View from the Fourth Bridge at Maligne Canyon.

Fourth Bridge crosses Maligne Canyon just to give hikers a view of the river far below. The trail dead-ends on the other side of the bridge in front of a beige rock wall, perfect for a family picture if there aren’t too many other hikers on the bridge, craning their necks to get views of the canyon. As you look down at the teal-green water, you can feel the cool air from the depths of the dark canyon rising back up.

Third Bridge on Maligne Canyon

At Third Bridge, the trail crosses the canyon to the other side. Here, the spray from the river hits you as you stand on the bridge. There’s a viewpoint of the canyon walls, now steep and beige and straight, in contrast to the curved grey walls of the canyon at Fourth Bridge. More signs explain some of the geological formations that you see as you hike the canyon (if you can convince your kids to slow down and learn something while they hike).

"Liquid Sandpaper:" an interpretive sign along explains the process of erosion.

The most spectacular waterfall is at Second Bridge. Here the river plunges between its steep canyon walls. The rocks of the canyon walls show where the river was, thousands of years ago, before it carved itself deeper and deeper into the rock. Maligne Canyon is still getting deeper today, but the erosion now happens at a fraction of an inch per year.

Waterfall in Maligne Canyon.

We checked out the next few viewpoints on the trail and then headed to the outhouses located by the First Bridge parking lot. There’s also a very nice tea house and gift shop here if you want to stop for a longer break. There are also apparently some fossils in the rocks around this area, but we didn’t see any. We refilled our water bottles at a water fountain and then started back down to Fifth Bridge.

The canyon carved by the Maligne River.

Maligne Canyon Return Hike

Although we’d seen the trail on the way up, I enjoyed hiking all the way back down and getting the chance to see the landmarks and waterfalls again. Hiking from First Bridge to Fifth Bridge was also more downhill, so the kids were going a bit faster. And I bribed Joey with the promise of a popsicle at the end of the trail if he walked the entire way himself, so he did (with a few reminders of the much-wanted popsicle).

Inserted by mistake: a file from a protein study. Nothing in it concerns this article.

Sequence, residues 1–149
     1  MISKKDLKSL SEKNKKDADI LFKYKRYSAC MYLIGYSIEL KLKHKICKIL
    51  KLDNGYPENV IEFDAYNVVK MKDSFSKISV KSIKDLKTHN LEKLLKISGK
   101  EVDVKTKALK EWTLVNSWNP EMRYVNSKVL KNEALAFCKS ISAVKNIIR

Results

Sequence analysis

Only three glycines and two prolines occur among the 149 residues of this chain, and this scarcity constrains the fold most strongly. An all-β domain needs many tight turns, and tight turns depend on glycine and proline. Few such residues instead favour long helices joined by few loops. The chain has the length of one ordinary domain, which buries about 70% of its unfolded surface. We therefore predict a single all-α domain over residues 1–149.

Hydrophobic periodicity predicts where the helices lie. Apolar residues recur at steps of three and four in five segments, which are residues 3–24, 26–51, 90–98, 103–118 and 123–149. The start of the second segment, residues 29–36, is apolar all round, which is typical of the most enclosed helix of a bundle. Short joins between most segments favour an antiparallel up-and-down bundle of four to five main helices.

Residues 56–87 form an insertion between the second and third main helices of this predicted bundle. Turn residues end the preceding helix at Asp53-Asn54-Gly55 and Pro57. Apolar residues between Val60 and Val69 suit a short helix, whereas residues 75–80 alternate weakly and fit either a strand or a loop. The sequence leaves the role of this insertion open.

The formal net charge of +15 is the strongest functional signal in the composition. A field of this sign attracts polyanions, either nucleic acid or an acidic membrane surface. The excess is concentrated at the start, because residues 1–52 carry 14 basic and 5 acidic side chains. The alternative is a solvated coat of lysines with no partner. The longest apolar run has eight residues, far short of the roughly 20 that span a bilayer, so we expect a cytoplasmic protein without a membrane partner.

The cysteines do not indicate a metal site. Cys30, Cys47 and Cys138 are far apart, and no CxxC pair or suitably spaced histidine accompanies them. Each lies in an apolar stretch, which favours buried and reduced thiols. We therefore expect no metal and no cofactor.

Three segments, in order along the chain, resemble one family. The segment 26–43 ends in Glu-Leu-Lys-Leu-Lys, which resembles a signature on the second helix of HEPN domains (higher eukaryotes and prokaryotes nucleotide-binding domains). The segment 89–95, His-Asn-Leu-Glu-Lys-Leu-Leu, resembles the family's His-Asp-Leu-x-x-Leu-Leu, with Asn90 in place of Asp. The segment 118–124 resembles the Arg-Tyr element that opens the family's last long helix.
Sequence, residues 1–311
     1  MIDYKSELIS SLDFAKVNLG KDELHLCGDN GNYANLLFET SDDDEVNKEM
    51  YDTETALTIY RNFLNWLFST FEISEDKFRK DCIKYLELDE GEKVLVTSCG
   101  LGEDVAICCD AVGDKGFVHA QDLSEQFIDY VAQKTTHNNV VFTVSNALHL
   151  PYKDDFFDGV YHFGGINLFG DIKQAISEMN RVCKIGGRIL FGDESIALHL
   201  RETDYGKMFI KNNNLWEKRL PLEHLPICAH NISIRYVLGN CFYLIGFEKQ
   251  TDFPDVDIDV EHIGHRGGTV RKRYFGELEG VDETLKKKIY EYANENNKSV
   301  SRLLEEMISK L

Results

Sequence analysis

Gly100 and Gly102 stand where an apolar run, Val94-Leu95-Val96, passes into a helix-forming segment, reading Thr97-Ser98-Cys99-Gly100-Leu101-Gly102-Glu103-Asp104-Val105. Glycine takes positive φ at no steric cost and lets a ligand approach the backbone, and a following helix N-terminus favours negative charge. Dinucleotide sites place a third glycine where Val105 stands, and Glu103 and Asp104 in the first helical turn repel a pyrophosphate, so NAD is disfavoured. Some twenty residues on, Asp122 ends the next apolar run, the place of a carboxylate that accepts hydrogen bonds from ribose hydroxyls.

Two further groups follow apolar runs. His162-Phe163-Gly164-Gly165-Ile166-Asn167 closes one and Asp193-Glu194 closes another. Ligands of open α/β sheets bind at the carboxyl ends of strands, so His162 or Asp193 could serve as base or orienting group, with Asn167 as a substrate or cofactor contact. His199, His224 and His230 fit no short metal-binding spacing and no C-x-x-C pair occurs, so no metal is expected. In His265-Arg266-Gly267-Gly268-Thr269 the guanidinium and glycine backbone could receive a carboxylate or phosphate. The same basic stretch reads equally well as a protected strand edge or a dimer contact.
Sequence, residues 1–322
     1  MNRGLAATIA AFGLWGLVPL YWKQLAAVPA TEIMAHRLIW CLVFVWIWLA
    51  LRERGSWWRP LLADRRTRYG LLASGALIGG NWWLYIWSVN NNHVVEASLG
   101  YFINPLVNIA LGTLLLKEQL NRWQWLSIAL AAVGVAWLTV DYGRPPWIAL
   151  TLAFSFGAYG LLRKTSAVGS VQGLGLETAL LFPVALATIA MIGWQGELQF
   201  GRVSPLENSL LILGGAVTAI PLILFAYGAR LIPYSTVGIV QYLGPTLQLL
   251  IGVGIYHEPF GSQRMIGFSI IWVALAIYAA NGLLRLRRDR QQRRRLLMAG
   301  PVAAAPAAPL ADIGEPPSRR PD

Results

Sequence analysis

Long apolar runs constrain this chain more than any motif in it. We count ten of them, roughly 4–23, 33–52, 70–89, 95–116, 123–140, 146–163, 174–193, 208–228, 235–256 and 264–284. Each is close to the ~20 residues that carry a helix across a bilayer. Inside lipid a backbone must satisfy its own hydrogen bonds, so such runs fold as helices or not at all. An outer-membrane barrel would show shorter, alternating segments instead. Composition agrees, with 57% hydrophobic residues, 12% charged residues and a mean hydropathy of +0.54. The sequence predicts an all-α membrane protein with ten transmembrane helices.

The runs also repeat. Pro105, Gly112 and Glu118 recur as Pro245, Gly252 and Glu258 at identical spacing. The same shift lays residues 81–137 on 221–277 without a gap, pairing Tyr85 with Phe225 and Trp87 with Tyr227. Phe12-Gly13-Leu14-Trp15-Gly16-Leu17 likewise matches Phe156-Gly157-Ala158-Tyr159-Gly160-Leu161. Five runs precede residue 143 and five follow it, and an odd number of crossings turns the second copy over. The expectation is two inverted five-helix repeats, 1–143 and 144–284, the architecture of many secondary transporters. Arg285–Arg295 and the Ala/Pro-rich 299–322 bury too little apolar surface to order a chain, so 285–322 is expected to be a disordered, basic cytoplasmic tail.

Bonnie Way takes a selfie on First Bridge.

Planning Your Maligne Canyon Hike

Maligne Canyon is one of the most popular, scenic hikes in Jasper National Park, with reason. It was hard to choose photos for this post to highlight the beauty of this trail, and I’ll just say that most of the photos don’t do the scenery justice. It’s hard to capture the sound of the waterfall, the feel of the spray on your face, or even for a small photo to show the sheer size and depth of the canyon.

There are parking lots at Sixth Bridge, Fifth Bridge, and First Bridge, so you can choose where to start your hike depending on your hiking part and your time constraints. The most scenic parts of the canyon are between First Bridge and Fourth Bridge, but the lower parts of the river are also beautiful.

There are quite a few stairs and narrow sections of the trail between First Bridge and Fourth Bridge, so this area is not suitable for wheelchairs or strollers. If you have small hikers, bring along a baby carrier instead of a stroller.

The hike from Sixth Bridge to Fifth Bridge is an easy, family-friendly hike that’s stroller accessible.

According to All Trails, the hike from Fifth Bridge to First Bridge and back is about four kilometers. We took a couple hours to hike this trail, but also spent plenty of time ogling the waterfalls, petting puppies, using the outhouses, and watching two kayakers shoot one of the cataracts just above Fifth Bridge. Despite the stairs near the top of the canyon, it’s an easy trail that could be hiked at a faster pace if you wanted.

A 5-year-old and 3-year-old admire the view of a river in Jasper National Park.

Show Comments

No Responses Yet

Leave a Reply

This site uses Akismet to reduce spam. Learn how your comment data is processed.